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If the engine doesn't get up to optimum operating temperature, will the engine management "switch" the mixture from "cold start" to leaner "normal running" ?
Not just using more fuel, but possibly fouling plugs, and contaminating engine oil ?:unsure:
 

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Posts #4, #5 and #6 are all correct but #7 is also right.

The thermostst does slow the coolent down even when full open. The slower flow allows time for the coolent to wick the heat off the hot areas like cylinder walls and such. If the water mix coolent rushes past it will not have time to transfer that heat in the engine and in the radiator.
 

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Discussion Starter · #8 ·
I ran it today to go get antifreeze and order thermostat, It will get up to temp, but it takes a lot longer and cools off to 2 bars at higher speed, this may be like dave said liquid doesn't have tome to absorb heat so it isn't cooling as well
 

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Thinking about it鈥
With a high flow speed/under-pressurised system you鈥檙e going to get more 鈥渃avitation鈥 and/or aeration where vapour bubbles form and then collapse causing erosion of metal.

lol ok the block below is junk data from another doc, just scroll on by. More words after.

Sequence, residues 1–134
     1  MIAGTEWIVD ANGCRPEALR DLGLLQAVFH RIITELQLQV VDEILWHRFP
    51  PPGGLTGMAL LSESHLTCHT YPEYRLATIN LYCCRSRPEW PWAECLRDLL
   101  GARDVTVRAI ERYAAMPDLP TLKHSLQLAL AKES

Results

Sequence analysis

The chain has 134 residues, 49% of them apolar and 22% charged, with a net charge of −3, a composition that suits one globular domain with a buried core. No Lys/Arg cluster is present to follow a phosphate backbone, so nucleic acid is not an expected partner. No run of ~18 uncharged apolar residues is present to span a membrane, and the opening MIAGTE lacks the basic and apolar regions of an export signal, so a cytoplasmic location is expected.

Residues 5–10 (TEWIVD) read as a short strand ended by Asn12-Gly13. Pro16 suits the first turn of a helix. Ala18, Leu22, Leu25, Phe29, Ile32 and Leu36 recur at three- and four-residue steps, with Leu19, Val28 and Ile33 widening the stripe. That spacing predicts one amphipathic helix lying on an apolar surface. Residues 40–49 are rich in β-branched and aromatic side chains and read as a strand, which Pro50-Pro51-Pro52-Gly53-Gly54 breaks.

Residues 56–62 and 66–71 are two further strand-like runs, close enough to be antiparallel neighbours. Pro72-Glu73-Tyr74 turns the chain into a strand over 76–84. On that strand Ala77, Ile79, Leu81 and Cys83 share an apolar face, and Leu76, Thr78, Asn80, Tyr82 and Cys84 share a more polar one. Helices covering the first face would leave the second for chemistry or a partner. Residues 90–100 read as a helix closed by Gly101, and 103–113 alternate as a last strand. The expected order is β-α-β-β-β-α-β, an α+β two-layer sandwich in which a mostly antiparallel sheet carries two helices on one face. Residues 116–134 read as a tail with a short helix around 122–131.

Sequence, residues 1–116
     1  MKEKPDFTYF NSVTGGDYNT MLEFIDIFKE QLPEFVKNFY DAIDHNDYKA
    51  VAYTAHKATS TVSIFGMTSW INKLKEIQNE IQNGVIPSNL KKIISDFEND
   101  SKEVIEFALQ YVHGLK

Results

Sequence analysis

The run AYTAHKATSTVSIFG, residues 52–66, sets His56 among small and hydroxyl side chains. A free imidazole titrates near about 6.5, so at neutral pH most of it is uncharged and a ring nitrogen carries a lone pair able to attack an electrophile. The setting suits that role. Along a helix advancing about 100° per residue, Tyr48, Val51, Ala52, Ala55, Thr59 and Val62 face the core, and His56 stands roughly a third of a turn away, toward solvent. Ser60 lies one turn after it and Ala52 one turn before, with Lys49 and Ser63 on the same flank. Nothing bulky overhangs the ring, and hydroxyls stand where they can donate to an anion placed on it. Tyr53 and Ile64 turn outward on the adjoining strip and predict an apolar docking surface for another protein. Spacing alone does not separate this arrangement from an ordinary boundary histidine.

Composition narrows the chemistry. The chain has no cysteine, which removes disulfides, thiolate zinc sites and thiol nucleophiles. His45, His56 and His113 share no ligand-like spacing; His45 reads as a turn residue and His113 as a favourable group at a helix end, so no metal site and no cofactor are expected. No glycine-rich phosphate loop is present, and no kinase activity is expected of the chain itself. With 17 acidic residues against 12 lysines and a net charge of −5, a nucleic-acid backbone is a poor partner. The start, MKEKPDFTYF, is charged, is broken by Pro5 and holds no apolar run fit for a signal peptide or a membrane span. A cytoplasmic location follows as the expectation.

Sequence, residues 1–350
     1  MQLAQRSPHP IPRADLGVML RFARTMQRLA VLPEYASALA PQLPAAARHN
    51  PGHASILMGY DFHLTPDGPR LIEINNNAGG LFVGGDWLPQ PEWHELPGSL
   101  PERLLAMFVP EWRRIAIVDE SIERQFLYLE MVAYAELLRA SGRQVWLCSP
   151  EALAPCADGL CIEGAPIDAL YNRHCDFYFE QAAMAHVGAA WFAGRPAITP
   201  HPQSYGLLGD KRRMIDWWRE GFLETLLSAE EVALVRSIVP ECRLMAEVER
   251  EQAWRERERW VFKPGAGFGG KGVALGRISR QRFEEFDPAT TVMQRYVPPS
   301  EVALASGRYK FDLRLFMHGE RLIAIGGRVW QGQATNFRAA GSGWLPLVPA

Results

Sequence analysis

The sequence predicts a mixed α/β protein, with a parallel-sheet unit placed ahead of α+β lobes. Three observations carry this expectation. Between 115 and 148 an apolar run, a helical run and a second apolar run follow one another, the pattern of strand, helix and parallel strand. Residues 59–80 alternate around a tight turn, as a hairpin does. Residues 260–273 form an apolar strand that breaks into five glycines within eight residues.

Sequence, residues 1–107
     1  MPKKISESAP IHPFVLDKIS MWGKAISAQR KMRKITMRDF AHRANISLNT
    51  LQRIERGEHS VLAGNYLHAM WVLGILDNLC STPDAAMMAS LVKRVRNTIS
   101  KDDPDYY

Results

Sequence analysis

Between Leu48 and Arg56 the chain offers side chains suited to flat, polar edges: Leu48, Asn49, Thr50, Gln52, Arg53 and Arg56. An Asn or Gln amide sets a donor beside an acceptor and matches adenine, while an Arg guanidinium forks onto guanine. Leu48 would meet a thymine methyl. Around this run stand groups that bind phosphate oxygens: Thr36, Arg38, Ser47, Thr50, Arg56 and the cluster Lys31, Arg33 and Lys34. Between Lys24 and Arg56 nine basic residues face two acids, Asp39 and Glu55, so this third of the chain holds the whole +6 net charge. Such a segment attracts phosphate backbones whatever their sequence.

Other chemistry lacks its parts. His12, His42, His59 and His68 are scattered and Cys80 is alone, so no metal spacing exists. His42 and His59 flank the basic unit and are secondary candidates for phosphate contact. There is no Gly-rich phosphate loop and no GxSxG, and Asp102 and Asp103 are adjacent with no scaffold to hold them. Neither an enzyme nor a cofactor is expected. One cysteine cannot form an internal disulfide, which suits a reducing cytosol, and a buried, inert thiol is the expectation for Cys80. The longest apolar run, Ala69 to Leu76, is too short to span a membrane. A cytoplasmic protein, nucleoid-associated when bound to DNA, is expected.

So does using water without coolant.

Edit: spelling.
Wish I could remember the profs name we did those experiments with, he was really good.
 

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Any modern water cooled engine using 脿n ECM and engine sensors relies on engine temp. To go from "open loop" where cold start is programmed in to run acceptably till warm. When fully warm the engine management system goes into "closed loop" operation be where the engine is now fully controlled by it's electronics. No thermostat equals poor running, engine wear, and oil dilution, suggested to not ever do. The short story.
 

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Discussion Starter · #12 ·
so, now i see that temp is only half the game, my brother in law had a car that the block constantly got damage from water flow, not just his, all of that model/make, even with thermostat being used, something about cavitation and corners